This is a type of definite via hypothetical example. Other types of definitions are possible for different nuances and contexts. Plural bare nouns are commonly used for a more generic style, descriptive definition based on generalizations over a category, such as 'penguin' as a category of bird (#2 below). An exemplar noun with the is also possible, for a more vivid description (#3 below, for example, would be suitable for a narrative or a nature documentary).
- A penguin is a flightless aquatic bird.
- Penguins are flightless aquatic birds.
- The penguin is a flightless aquatic bird.
These are summarized below.
|New, unknown, unfamiliar||A chicken tried to cross the road.||Known, familiar: |
A chicken tried to cross the road. The chicken was unsuccessful.
|Instantiation: Type of material||This is a plastic that can be easily shaped.||General material: |
Plastic can come in many forms.
|Instantiation: Event (new to listener)||I had a good jog.||Event (familiar): I had a good jog. The jog was exhilarating. |
General activity: I like jogging.
|Hypothetical use of nouns||I want a new job -- a job that is less stressful.||Actual entities: |
I want the job (the one that you are advertising).
|Definitions||A cicada is an insect with vocal cords in the abdomen.||Generic plural descriptions: Cicadas are insects with vocal cords in the abdomen. |
Exemplars: The male cicada has vocal cords in the abdomen for singing.
3 Teaching indefinites
The basic idea of unfamiliar can be inferred by students, probably with some coaching. Interesting narratives can juxtapose the definite and indefinite. These can be explained to students by asking them how well the picture the nouns upon hearing them. At first, they do not have a mental picture (unfamiliar indefinite) at first, but later, they have a clearer mental picture of the referents.
|New, unfamiliar, unknown
cf. familiar, known
|Farmer Brown went into his chicken coop to find his best chicken – a large, white rooster named Buster – to slaughter and prepare for tonight’s dinner. Buster sometimes tried to escape, so he was kept in a special cage.||He entered the coop, but didn’t see Buster in his usual cage. He looked around the cages, and then to the corner of the room. In fact, Buster was not in any of the cages. However, the rooster was waiting in the corner with a knife in his hand, ready to take on the farmer in hand-to-hand combat.|
cf. general activities
|Every two days I go for a jog, or if I am tired, then at least a walk. Occasionally I go for a swim or a good climb on a mountain near the city. An exercise that I also particularly enjoy is bicycling. A couple of times a year, a good bungee jump provides a good catharsis and stress release.||Aerobic exercise like swimming, bicycling, brisk walking, jogging, and rock climbing can be helpful for managing one’s weight and for maintaining energy levels. Occasional extreme sports like bungee jumping may not contribute to weight management, but can offer psychological benefits.|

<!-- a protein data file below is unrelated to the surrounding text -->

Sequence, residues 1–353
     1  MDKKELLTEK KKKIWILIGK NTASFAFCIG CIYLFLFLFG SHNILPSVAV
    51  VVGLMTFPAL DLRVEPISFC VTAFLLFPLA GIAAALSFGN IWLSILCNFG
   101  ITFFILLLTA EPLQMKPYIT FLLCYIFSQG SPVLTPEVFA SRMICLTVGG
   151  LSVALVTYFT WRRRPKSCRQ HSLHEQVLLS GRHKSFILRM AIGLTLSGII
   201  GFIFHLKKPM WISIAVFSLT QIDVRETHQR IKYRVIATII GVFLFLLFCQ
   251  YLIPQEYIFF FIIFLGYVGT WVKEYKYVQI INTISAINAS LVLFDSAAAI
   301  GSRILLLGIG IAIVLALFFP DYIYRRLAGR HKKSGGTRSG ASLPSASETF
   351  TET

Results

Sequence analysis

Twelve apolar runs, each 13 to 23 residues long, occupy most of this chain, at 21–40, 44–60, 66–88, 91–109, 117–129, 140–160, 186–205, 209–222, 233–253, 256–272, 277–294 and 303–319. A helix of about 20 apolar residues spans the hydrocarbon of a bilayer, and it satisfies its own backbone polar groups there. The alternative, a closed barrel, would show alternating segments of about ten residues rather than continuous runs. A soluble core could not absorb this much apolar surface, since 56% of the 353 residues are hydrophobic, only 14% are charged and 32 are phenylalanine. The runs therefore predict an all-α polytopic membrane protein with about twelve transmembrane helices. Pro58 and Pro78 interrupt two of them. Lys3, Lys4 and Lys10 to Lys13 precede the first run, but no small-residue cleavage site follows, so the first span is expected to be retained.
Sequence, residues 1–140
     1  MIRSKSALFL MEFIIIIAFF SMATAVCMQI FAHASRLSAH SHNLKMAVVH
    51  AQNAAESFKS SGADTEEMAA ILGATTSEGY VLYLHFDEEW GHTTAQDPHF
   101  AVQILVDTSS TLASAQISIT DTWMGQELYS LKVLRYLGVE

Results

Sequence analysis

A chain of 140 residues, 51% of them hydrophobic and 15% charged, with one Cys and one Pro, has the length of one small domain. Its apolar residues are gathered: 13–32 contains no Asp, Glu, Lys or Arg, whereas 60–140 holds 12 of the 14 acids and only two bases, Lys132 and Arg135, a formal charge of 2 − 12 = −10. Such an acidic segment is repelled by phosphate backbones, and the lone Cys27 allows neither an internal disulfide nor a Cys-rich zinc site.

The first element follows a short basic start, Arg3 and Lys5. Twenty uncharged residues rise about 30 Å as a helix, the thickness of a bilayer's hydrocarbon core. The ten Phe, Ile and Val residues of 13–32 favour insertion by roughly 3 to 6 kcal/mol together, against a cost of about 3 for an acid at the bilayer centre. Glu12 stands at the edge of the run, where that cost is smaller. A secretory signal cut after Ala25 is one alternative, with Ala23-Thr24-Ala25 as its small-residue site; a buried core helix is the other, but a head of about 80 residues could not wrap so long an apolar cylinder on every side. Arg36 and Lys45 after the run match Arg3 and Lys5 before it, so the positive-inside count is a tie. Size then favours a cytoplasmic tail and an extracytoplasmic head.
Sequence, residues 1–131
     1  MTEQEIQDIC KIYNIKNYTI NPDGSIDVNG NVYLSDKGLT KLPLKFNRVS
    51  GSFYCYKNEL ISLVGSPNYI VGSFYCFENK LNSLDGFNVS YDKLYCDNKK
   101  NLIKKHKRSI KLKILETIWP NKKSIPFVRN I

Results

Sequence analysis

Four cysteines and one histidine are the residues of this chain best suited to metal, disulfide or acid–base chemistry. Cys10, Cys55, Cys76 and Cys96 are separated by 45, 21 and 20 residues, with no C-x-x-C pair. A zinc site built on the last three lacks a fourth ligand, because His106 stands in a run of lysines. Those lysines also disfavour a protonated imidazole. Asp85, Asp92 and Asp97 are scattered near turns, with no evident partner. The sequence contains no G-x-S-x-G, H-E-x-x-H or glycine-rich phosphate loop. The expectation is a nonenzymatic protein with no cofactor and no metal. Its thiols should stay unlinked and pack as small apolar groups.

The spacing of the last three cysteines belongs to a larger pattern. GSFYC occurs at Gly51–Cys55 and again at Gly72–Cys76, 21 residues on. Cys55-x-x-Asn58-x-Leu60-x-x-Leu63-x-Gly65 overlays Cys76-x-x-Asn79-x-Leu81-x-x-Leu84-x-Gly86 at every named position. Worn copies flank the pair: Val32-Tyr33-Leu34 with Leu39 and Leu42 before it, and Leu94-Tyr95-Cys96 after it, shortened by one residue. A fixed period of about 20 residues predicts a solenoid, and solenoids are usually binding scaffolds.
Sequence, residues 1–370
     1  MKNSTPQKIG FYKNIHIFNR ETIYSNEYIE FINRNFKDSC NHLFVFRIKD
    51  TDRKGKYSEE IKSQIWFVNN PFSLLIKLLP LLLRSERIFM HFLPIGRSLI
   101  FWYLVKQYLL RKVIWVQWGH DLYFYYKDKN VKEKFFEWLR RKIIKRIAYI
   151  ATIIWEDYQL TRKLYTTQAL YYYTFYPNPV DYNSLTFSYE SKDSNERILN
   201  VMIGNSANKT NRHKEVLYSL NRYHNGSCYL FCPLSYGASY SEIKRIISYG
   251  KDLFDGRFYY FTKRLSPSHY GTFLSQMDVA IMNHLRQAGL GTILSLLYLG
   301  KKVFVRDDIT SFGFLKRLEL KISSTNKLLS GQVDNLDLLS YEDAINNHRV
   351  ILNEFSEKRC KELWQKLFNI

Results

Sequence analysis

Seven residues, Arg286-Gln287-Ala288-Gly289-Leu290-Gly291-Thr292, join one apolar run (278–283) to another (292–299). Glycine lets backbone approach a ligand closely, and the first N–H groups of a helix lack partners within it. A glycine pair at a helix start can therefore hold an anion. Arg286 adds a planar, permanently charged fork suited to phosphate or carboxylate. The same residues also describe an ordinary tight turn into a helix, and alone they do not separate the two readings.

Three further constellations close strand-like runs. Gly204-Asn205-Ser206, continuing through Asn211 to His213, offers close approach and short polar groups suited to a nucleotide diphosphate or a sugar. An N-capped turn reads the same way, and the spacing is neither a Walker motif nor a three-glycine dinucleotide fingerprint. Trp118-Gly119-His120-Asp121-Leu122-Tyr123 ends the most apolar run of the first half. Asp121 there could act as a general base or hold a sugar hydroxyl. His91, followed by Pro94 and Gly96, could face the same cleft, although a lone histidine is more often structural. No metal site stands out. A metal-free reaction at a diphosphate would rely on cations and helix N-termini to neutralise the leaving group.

cf. generic description
|A lynx is a medium-sized wildcat known for its reflective eyes. An ocelot is a small wildcat found in Central and South America, which was once prized for its fur.||Lions belong to the cat family, which also includes various cats: lions, tigers, jaguars, leopards, snow leopards, cheetahs, lynxes, and others.|
|Amazon is an example of a revolutionary new service that was created by a visionary entrepreneur – the type of person that is known as a first-mover. A first-mover is a person who first develops and markets an entirely new product or service.||The first-mover is a person who first develops and markets an entirely new product or service.|
3.1 Practice activities
Many activities can be used to practice a particular function of the indefinite pattern, or a particular function of the indefinite in contrast to a particular definite (the) or a plural generic function (bare singular or bare plural). These can be done for oral and/or written practice activities. For example:
- Shopping list (e.g., a watermelon cf. watermelons, a steak cf. steak as material)
- Shopping list for other items -- office supplies, furniture, etc.
- Inventory list
- Describe typical items in an office, an apartment, a house, etc.
- Describe your favorite activity; how/when did you come to enjoy it or become good at it?
- Describe an important term in your field of work or study.
- Describe your field to someone who does not know your field.
- Write an encyclopedia style description of your favorite animal.
4 See also
- Lee, Kent. (2017). A “the” or the “a”? L2 learner problems and patterns. Korea TESOL Journal 13(2), 25-48.